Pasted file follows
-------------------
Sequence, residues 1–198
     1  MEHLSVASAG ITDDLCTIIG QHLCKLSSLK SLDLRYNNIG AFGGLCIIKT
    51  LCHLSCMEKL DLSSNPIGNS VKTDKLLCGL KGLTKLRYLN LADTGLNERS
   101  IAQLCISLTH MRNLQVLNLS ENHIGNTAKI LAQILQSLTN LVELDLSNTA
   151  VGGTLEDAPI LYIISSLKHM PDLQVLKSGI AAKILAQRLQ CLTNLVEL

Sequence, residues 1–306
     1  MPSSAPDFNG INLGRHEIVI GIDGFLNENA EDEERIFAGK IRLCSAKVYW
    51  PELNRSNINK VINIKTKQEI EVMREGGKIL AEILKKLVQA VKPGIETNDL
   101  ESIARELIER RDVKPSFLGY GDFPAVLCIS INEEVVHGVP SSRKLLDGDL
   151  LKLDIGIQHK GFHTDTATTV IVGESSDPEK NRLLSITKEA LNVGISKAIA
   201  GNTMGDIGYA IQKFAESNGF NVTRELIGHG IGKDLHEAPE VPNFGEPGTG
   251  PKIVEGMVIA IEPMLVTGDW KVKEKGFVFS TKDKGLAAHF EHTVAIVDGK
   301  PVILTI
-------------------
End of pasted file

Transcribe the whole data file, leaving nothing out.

Sequence, residues 1–198
     1  MEHLSVASAG ITDDLCTIIG QHLCKLSSLK SLDLRYNNIG AFGGLCIIKT
    51  LCHLSCMEKL DLSSNPIGNS VKTDKLLCGL KGLTKLRYLN LADTGLNERS
   101  IAQLCISLTH MRNLQVLNLS ENHIGNTAKI LAQILQSLTN LVELDLSNTA
   151  VGGTLEDAPI LYIISSLKHM PDLQVLKSGI AAKILAQRLQ CLTNLVEL

Sequence, residues 1–306
     1  MPSSAPDFNG INLGRHEIVI GIDGFLNENA EDEERIFAGK IRLCSAKVYW
    51  PELNRSNINK VINIKTKQEI EVMREGGKIL AEILKKLVQA VKPGIETNDL
   101  ESIARELIER RDVKPSFLGY GDFPAVLCIS INEEVVHGVP SSRKLLDGDL
   151  LKLDIGIQHK GFHTDTATTV IVGESSDPEK NRLLSITKEA LNVGISKAIA
   201  GNTMGDIGYA IQKFAESNGF NVTRELIGHG IGKDLHEAPE VPNFGEPGTG
   251  PKIVEGMVIA IEPMLVTGDW KVKEKGFVFS TKDKGLAAHF EHTVAIVDGK
   301  PVILTI